Mark Twain; An Itinerant Humorist In the Hangman’s Yard

The Ancient and Honorable Order of E Clampus Vitus

Mark Twain; An Itinerant Humorist In the Hangman’s Yard

By Tom Kuntz
Oct. 3, 1999
New York Times, October 3, 1999, Section 4, Page 7

EXECUTIONS are so routine and shielded from wide public view nowadays that not many have noticed that, with three months still to go in 1999, this is already the death penalty’s biggest year in nearly half a century — 76 killers put to death in 18 states.
Back when hangings were a gruesome public spectacle, people paid more attention; they often turned out themselves to see the show — Mark Twain included. But alas, even his eyewitness account of a celebrated 1868 hanging in the mining town of Virginia City, Nev., has been all but overlooked since it was published in a Chicago newspaper more than a century ago.

It has now been rediscovered by Nevada’s state archivist, Guy Rocha, who was researching an obscure period of the early career of Samuel Clemens: the humorist’s second lecture tour through Nevada — only the first one turned up in ”Roughing It” — just after his trip to Europe and the Holy Land (which would yield ”The Innocents Abroad”).
Mr. Rocha knew that during this Nevada sojourn Twain, then 32, had written for a number of newspapers to augment his income. He found the articles stashed away in Twain archives at the Library of Congress and the University of California at Berkeley. Among them was a correspondent’s ”letter” to The Chicago Republican on a variety of topics, including his account of the hanging — which is rarely even mentioned in Twain biographies, much less quoted. ”As far as I know this letter, verbatim, has not been published in 131 years,” said Mr. Rocha.
He said the account sheds light on Twain’s later public opposition to capital punishment. It appears in the current issue of Nevada Magazine and is reprinted here with its original spellings and punctuation. Context: The hanging took place on April 24, 1868 with 4,000 people on hand. The condemned was John Melanie (or Millian), a Frenchman convicted of killing Julia Bulette, a prostitute. She would soon achieve dime-store novel status in Nevada as a fallen angel ”with a heart of gold.” (There’s not much evidence of this, though she did support the local fire department.) In his rambling article of May 30, Twain abruptly changes subjects to tell of the hanging under the heading:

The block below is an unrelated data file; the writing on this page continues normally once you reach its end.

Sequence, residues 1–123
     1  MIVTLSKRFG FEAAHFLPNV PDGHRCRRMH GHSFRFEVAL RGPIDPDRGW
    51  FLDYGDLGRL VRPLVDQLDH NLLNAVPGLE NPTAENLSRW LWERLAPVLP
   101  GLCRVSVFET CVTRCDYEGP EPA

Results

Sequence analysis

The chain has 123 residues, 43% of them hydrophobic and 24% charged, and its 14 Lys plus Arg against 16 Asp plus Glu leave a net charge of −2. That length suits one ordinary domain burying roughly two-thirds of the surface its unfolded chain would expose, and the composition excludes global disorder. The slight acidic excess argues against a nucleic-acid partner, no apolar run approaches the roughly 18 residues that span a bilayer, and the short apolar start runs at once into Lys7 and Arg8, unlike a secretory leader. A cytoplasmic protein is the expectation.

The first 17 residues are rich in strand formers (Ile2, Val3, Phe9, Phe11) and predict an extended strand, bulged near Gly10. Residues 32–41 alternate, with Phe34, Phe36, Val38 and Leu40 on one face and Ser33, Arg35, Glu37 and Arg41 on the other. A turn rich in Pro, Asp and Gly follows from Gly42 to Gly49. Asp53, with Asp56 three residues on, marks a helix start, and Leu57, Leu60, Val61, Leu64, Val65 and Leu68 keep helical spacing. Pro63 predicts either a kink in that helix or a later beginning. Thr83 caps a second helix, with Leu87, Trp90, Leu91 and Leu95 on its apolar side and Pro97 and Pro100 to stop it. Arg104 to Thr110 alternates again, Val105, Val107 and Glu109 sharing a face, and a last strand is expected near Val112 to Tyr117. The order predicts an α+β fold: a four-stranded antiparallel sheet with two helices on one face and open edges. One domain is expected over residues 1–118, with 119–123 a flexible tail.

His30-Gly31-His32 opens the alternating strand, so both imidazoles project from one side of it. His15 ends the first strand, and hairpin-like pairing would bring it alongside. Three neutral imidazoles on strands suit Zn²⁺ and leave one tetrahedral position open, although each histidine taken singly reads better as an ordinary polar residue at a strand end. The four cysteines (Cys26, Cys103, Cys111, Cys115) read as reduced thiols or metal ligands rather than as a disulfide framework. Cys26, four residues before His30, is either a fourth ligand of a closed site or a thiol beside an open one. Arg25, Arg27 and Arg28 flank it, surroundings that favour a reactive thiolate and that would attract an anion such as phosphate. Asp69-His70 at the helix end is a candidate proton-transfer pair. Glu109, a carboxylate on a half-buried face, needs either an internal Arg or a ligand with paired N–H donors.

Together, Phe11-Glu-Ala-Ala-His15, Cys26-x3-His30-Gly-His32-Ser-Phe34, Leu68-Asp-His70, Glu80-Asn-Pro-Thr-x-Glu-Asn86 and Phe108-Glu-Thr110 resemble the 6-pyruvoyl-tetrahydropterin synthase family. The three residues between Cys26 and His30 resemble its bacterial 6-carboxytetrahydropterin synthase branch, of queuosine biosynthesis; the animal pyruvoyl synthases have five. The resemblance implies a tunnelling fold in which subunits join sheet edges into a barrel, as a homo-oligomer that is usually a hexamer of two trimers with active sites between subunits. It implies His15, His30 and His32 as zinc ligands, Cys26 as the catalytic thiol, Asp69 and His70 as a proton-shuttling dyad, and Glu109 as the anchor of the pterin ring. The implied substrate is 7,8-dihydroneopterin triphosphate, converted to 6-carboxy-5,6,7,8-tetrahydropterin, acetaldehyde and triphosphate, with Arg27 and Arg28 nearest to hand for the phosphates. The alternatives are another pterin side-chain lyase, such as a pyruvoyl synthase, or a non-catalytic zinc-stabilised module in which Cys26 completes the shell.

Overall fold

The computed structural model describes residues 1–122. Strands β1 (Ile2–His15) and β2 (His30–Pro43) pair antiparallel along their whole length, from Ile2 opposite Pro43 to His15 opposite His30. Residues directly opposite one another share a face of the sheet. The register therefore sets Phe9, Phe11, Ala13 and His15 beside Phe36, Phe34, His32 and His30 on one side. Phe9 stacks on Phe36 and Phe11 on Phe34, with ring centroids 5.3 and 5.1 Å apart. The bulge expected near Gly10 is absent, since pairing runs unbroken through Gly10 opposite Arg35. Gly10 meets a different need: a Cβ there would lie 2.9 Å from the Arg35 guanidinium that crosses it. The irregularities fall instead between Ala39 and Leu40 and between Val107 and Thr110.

”Novel Entertainment”

But I am tired of talking about mines. I saw a man hanged the other day, John Melanie, of France. He was the first man ever hanged in this city (or country either), where the first twenty-six graves in the cemetery were those of men who died by shots and stabs.
I never had witnessed an execution before, and did not believe I could be present at this one without turning away my head at the last moment. But I did not know what fascina[tion] there was about the thing, then. I only went because I believed that if ever it would be possible to see a man hanged, and derive satisfaction from the spectacle, this was the time. For John Melanie was no common murderer — else he would have gone free. He was a heartless assassin. A year ago, he secreted himself under the house of a woman of the town who lived alone, and in the dead watches of the night, he entered her room, knocked her senseless with a billet of wood as she slept, and then strangled her with his fingers. He carried off all her money, her watches, and every article of her wearing apparel, and the next day, with quiet effrontery, put some crape on his arm and walked in her funeral procession.